Mediterr J Rheumatol 2018;29(3):127-39
Dry Eye Disease in Routine Rheumatology Practice
Authors Information

1. Postgraduate Student, Department of Rheumatology, Hygeia Hospital, Athens, Greece

2. Rheumatologist, Department of Rheumatology, Hygeia Hospital, Athens, Greece

3. Ophthalmic Surgeon, Head of Eyelids, Lacrimal & Orbital Department, Hygeia Hospital, Athens, Greece; President of International Society of Dacryology & Dry Eye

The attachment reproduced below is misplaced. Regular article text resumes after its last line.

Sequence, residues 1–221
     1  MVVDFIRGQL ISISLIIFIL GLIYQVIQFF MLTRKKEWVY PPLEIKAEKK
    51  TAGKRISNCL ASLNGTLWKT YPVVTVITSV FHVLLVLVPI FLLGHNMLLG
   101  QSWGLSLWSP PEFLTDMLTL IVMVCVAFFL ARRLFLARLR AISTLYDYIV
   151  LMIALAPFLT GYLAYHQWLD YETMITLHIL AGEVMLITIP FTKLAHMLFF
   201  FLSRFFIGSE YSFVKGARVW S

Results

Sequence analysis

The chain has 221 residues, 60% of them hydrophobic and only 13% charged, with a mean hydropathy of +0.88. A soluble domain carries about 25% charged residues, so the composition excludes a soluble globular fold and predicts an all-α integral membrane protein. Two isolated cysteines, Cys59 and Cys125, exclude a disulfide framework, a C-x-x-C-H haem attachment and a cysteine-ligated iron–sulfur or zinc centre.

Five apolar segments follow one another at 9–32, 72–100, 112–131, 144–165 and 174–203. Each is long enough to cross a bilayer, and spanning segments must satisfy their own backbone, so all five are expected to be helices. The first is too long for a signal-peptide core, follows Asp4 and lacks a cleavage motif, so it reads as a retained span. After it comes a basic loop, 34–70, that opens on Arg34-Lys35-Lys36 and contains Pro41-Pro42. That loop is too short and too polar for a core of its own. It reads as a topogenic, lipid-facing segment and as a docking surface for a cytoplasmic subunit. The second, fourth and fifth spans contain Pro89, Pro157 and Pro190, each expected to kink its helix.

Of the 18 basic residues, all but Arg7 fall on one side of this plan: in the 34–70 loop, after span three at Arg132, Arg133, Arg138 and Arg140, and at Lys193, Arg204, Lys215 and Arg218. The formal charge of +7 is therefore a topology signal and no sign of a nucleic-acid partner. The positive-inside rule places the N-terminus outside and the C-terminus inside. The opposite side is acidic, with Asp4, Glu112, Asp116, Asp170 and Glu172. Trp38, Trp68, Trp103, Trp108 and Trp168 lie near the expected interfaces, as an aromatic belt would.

Dry eye disease (DED) is one of the most frequent ophthalmological conditions, with a major impact on patients’ quality of life. Tear film instability and tear hyperosmolarity are considered to play a crucial role in the vicious cycle of dry eye disease. They occur as a result of, either a reduced lacrimal secretion or an excessive evaporation from the tear film. There is a well-known association of DED, not only with autoimmune diseases but also with other systemic diseases and medication. Early diagnosis is important and it is based on the presence of classical symptoms and signs of dry eye in combination with specialized methods. The comprehension of the pathophysiology is significant, as different approaches can be taken to treat DED, depending on the cause and primary source of the disease, as well as on disease severity.